Tallying all those up, only the Dodgers have more defensive games played than Milwaukee. The Brewers rank in the top 10 in the majors in appearances at every position except catcher, where they rank 14th. They rank second at second base, shortstop and right field, and fourth at first base. Counsell moves players around like he's playing chess, and with all that, his defense has been better than anyone's.
Given the makeup of the Brewers' upgraded roster, Counsell's chess-playing is likely to accelerate even more. Can Milwaukee possibly maintain the game's best defense like this? It will be fascinating to watch, because if they do, and you also consider the similar approaches of elite teams like the Dodgers, Cubs and Astros, we may be entering a new era of defensive deployment. The defining traits of that new era: There are no positions. There are only spray charts.
However it works out, there is a fascinating experiment taking place in Milwaukee in the crucible of a tight playoff chase. How fun is that?
What the numbers say
Trout's RBI count issue
After being briefly surpassed by Cleveland dynamo Jose Ramirez atop the WAR leaderboards, Angels superstar Mike Trout has reclaimed the top spot at both baseball-reference.com and fangraphs.com. For a couple of hours, though, it looked like another Trout MVP run was going to be derailed by an injury suffered on a slide in the hand or wrist area. Trout jammed his right wrist while attempting to steal third in the first inning at Tampa Bay on Wednesday. He finished the game but ended up getting both an MRI and an X-ray on the wrist, which thankfully both turned up negative.
I didn't see the injury live, so when I read the news of the MRI, I assumed that Trout was back to his old trick of diving into bases. I was wrong -- it was a conventional feet-first slide, if awkwardly executed. So there's no reason to write that rant. Instead, I'll just write this: Mike Trout stinks at sliding.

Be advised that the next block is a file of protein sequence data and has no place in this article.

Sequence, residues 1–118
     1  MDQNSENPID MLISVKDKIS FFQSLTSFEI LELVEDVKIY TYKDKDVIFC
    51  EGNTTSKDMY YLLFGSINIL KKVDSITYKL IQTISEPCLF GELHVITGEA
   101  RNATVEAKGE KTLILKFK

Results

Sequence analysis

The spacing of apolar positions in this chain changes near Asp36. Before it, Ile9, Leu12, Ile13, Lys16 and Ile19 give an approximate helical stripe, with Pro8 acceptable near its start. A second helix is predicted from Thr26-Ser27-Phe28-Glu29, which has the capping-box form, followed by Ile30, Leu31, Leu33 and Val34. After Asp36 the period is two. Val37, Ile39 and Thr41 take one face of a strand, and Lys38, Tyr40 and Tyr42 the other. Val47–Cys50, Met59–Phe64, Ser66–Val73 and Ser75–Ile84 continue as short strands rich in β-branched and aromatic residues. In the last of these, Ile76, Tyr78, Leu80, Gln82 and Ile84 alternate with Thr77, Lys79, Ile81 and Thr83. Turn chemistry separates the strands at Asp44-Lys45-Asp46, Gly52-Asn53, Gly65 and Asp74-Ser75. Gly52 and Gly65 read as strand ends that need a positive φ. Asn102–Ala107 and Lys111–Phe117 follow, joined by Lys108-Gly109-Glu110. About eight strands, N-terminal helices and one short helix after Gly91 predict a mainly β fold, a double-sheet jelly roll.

Save your angry messages -- I don't mean it. But Trout's history of manic self-improvement suggests that if he gets wind that his sliding is viewed as a weakness, by this time next year he'll be the best slider in the game. And that would be good -- we need fewer, not more, of these Trout-MRI news bulletins.
One thing that stands out about Trout's traditional stats this year is his RBI count. He's hitting over .300 -- one of just 19 qualifying hitters in the majors to be hitting that old benchmark. He has 30 homers, and here's what I want to look at -- all of those dingers and hits have resulted in just 60 RBIs. Trout did not drive in a single teammate from June 21 to July 21. Both of his RBIs during the 25 games of that span came on solo home runs.
Let's say that Trout's MRI had not gone so well and his 2018 season came to an end with those numbers frozen: 30 homers, 60 RBIs. Comparing that to season-end totals from the past, it would be the fourth-lowest RBI total for a player with 30 or more home runs. There is a three-way tie for the fewest: Curtis Granderson (2016), Jedd Gyorko (2016) and Kyle Schwarber (2017) all drove in 59 runs with 30 homers. Right behind Mike Trout is Milwaukee's Thames, who had 31 homers and 63 RBIs last season.
This isn't new for Trout. Last season -- the one clipped by a thumb injury suffered on a head-first slide -- he had 33 homers and 72 RBIs. That's tied for the 17th-fewest RBIs in a 30-homer season, with Evan Gattis, who had 32 homers and 72 RBIs in 2016. Of the "top" 17 hitters on this list (omitting Trout this season), nine of them did it in 2016 or 2017.
Clearly, this is a symptom of baseball in the 20-teens. All of the players joining Trout on the list are huge strikeout guys, even by current standards. Contact is not their game, whether or not there are runners on base. It's about walks and homers.
Thing is, that doesn't describe Trout at all. He's not a three-true-outcomes player by any stretch of the imagination. Most of those other players are highly shiftable, dead-pull hitters (though Schwarber has tried to evolve beyond that this season, with some success). Most of them hit from the left side of the dish. Trout is a righty who mashes to whatever damn field he wants and makes enough contact to put up an average over .300 in a season when the big league average as a whole is under .250.
Clearly, the problem here is Trout's ability to come through in the clutch. His massive ability shrivels up and vanishes every time a teammate reaches second base and he steps to the plate. Don't believe that? Well, of course you don't, and you shouldn't.
Since Trout's first full season in the majors, he leads all batters with an OPS of .997 -- 22 points better than anybody else. With runners in scoring position, he's second to Joey Votto with a 1.062 OPS. They're Hall of Fame numbers, no matter how you slice it. Not that it's any surprise, but Trout's low RBI count cannot be viewed as any kind of performance flaw.